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Canelli underground

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The underground cathedrals of Canelli are a unique expression of traditional oenology in these zones that are famous for Moscato d’Asti. If visiting the Asti area, don’t miss the occasion to taste some of the region’s literally hidden treasures.


Visualizza Canelli sotterranea in una mappa di dimensioni maggiori

Canelli is the capital of Asti and Moscato d'Asti. This itinerary takes you to the heart of local viticulture, departing from the Mu.S.A., the Multimedia Museum of Southern Asti, in Canelli. In the museum, the history of the city and its territory is told through a journey over 150 years old. Beginning with the old farming viticulture, the visit progresses through a series of rooms ending in modern-day wine production based on industry and international commerce. On display are tools once used by viticulturists and characteristic posters from the early 1900s that the era’s most important wine producers used to promote their labels.

After getting your fill of Canelli’s wine history, it’s time to descend under the city’s soil and pay a visit to the celebrated Underground Cathedrals. These ancient wineries of historical cantine are excavated right out of the rocks, and are such a unique expression of culture that on June 22, 2014 they were specially recognized as part of the UNESCO World Heritage "Langhe-Roero and Monferrato Viticultural Landscapes." The calcareous tuff over which Canelli was built is actually the perfect natural thermal insulation, able to maintain a constant temperature of 12-14 degrees C (54 -57 degrees F), ideal for aging great wines. Covered in bricks upon first sight, the casks and pupitres (wine racks) line long tunnels and fill large rooms with vaults and pillars, reaching a depth of 30 m (98 ft) for a total extension of more than 18 km (11 mi).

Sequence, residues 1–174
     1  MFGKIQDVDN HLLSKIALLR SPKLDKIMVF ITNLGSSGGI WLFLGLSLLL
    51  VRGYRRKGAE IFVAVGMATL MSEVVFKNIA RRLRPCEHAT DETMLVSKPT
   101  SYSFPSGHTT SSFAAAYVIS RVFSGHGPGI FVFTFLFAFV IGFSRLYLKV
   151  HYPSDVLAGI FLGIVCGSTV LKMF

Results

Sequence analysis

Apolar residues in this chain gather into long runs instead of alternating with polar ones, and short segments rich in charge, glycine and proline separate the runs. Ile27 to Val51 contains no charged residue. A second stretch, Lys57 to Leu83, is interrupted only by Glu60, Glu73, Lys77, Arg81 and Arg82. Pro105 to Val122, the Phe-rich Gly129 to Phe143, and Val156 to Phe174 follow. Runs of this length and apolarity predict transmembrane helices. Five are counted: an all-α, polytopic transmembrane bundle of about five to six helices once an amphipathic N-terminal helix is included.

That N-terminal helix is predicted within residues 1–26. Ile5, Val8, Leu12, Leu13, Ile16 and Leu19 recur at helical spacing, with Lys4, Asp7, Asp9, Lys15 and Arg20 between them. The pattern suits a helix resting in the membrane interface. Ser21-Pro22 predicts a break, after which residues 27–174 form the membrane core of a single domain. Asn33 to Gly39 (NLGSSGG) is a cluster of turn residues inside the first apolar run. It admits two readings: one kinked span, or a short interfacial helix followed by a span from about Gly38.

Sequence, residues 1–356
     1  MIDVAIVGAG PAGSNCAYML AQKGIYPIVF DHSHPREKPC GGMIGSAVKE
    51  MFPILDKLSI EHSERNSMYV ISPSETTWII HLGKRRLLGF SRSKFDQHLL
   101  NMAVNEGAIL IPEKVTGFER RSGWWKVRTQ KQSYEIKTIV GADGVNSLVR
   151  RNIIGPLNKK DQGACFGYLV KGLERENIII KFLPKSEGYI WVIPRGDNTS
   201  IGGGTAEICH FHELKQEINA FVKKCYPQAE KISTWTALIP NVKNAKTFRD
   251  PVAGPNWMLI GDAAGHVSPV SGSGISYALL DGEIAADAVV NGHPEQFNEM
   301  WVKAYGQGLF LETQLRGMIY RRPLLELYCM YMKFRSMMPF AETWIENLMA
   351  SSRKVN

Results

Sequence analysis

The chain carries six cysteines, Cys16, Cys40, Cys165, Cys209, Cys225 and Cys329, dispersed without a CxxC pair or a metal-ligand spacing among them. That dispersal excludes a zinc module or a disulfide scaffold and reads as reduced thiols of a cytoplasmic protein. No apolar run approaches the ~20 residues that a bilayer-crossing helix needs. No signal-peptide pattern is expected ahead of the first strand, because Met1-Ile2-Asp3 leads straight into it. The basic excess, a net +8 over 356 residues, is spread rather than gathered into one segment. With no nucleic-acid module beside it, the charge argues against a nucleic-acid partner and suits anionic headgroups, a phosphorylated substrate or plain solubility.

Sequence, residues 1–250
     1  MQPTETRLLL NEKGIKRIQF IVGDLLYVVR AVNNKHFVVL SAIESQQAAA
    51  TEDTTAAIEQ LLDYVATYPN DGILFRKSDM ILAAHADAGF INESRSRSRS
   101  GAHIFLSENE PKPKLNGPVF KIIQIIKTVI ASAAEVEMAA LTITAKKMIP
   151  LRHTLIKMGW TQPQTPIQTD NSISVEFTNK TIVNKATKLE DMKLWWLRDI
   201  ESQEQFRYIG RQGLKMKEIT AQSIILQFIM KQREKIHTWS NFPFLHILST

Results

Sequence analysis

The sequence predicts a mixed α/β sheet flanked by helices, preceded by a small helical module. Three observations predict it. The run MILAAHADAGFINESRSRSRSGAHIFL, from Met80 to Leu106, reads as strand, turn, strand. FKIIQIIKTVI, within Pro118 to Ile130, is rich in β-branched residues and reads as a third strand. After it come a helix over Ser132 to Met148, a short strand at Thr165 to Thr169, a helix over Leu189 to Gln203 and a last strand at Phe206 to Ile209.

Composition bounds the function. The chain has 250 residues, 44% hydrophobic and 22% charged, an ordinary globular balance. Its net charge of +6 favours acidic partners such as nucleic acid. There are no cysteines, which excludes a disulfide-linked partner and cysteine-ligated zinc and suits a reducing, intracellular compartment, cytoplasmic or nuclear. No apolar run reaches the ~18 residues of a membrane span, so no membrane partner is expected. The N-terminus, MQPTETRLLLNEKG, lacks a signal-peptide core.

The tunnels’ construction began in the 16th century and expanded in the 19th when the high quality of Canelli wines was affirmed on a global scale after casks were shipped abroad throughout Europe and overseas. There was no plan to grow these caverns so huge, but they were expanded with pickaxes and chisels little by little as the wineries grew larger. All the tunnels have a name in order to avoid getting lost in this subterranean labyrinth.

The most famous subterranean cathedrals are those of Gancia, Bosca, Contratto, and Coppo, but there are hundreds of wineries that have their own small, underground cellars. Many tunnels are even used as offices, picture galleries, or magazines; and the Regional Enoteca of Canelli decided to transform their own tunnel into a striking restaurant. The Bank of Alba in Via Giuliani has a secured vault in the tunnel of their building, and the cantine of Reale Insurance – containing a rare source of water – are used for exhibits and events.

Last modified onThursday, 12 March 2015 14:42
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